Social Constructs and Self-Injury
When autistic people self-injure it’s seen as a "co-morbidity" or as something intrinsic to autism and a reason to "find a cure," but if, for instance, a teenage girl considered "normal" in all regards begins cutting, or starving herself, people blame the culture, rather than talking about cures for normalcy.
Feminist psychologist Mary Pipher discusses the cultural roots of self-injury by teenage girls in her book Reviving Ophelia, which deals with how social constructs of femininity are related to emotional and behavioral problems in girls. The book includes case studies of a girl who regularly cut herself after being abused by her boyfriend and another cutter who became depressed when she thought about all the war and violence in the world. Pipher writes:
In my experience, behaviors that arise independently and spontaneously in large numbers of people often suggest enormous cultural processes at work. Eating disorders, for example, are related to the pressure that our culture puts on women to be thin... Self-mutilation can be seen as a concrete interpretation of our culture's injunction to young women to carve themselves into culturally acceptable pieces.
Pipher explains that self-injury is a reaction to feelings of being overwhelmed and helpless to control one's own life. In therapy sessions, she teaches her clients to identify their feelings of emotional pain and to develop healthier ways to deal with their stress and assert control over their environment. For example, the girl who despaired over the state of the world was encouraged to volunteer at a soup kitchen for the homeless, which helped her to believe that she had the ability to make positive changes in society.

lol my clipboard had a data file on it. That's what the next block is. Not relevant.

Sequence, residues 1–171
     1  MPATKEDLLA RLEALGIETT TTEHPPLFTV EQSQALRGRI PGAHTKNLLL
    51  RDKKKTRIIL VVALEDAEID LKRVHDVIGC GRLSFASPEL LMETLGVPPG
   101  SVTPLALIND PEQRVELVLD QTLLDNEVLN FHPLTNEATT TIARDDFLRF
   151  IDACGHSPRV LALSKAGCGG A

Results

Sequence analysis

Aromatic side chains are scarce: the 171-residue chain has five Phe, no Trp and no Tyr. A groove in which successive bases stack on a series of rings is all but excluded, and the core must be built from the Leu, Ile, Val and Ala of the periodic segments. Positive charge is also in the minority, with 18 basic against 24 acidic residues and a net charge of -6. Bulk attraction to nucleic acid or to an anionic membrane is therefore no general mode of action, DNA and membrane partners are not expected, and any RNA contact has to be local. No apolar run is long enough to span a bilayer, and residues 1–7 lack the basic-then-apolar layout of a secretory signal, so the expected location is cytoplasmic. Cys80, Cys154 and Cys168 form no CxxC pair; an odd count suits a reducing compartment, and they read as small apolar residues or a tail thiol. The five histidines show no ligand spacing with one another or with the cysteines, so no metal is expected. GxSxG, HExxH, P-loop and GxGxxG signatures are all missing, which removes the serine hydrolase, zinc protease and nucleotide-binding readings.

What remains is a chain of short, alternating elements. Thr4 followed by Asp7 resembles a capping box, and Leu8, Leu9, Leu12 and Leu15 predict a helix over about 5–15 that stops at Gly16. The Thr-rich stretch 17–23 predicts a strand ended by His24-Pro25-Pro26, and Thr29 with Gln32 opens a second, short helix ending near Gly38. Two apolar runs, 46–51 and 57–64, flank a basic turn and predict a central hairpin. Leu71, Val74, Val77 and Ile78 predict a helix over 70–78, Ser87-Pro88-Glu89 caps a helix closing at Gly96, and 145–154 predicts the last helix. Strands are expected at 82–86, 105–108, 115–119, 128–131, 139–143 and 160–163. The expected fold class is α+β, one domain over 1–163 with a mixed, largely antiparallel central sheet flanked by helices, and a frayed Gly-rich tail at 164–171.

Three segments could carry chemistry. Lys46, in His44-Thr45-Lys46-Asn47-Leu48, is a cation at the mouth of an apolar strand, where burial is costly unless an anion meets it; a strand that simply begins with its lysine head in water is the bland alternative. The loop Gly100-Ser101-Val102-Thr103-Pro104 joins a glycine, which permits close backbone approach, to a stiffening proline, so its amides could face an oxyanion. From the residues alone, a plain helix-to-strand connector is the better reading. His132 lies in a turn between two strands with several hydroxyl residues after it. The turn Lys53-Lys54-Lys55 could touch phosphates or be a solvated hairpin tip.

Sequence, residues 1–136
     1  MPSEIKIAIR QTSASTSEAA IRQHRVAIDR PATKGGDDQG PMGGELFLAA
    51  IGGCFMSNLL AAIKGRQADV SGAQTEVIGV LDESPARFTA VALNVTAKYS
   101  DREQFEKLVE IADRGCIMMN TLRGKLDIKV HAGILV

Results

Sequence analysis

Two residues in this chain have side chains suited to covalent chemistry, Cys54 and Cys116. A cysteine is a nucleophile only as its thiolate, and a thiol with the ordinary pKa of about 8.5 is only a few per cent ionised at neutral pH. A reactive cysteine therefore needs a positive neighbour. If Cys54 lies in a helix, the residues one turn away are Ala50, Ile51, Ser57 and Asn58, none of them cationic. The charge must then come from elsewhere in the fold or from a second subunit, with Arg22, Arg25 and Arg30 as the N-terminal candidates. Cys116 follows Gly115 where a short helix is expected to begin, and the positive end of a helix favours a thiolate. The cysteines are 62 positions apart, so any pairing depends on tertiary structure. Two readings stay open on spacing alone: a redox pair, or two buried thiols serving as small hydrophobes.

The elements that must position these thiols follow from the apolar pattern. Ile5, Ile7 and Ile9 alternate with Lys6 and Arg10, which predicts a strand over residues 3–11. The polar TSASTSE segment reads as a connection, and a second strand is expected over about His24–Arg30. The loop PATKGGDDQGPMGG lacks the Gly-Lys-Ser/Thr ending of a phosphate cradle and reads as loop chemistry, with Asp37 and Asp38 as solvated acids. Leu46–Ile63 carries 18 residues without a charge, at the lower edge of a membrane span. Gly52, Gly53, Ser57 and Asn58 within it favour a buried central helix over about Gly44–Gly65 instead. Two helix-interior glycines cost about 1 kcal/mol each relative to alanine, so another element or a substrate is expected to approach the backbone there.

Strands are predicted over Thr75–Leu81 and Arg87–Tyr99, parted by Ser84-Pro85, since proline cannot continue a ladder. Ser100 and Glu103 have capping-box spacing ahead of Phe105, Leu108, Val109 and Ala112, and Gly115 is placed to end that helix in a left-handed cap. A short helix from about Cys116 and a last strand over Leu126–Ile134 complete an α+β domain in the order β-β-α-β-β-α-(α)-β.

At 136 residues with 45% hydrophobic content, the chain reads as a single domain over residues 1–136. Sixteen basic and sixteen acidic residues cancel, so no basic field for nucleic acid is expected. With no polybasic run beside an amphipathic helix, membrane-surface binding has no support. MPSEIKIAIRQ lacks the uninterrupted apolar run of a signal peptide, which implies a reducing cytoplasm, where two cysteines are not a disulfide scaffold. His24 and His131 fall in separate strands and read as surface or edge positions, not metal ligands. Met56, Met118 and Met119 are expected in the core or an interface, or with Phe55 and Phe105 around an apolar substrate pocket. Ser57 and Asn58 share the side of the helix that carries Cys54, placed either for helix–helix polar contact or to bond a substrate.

There is no solid scientific proof establishing that autistics self-injure for any different reasons than anyone else. I am not aware of any research studies comparing the prevalence and severity of self-injury in autistics vs. non-autistics, with appropriate controls for age, gender, education, income, etc. (If any readers know of such a study, please post a link in the comments.) And even if someone were to do such a study, there would be no way to control for the most significant variable—the horrendous psychological effects of growing up excluded and abused by a society that deems an autistic person's very existence to be a tragic misfortune.
Despite the lack of evidence regarding the reasons for self-injury in autistics, many professionals make the unwarranted assumption that it is caused by neurological flaws rather than cultural processes. As a result, autistics who engage in self-injurious behavior often are treated in ways that cause them to have even less control over their lives. They are forced to take medications that often have distressing and/or physically harmful side effects such as extreme weight gain, they are placed in helmets and other types of restraints, and they are watched constantly for the slightest signs of emotional agitation. That news article I've been ranting about in my last few posts had a picture of an autistic boy being sent to school with a helmet strapped on him and his hands wrapped up in mitts. Does anybody really expect him to learn how to deal with stress (or to learn anything at all) when he is being treated like that?
Mary Pipher's book was written over a decade ago. Even before that, psychologists knew what sort of therapy would help the millions of non-autistic young people struggling with self-injury. It's about time for our society to stop treating autistics as less than human and to work toward empowering autistics to have more control over their lives, too.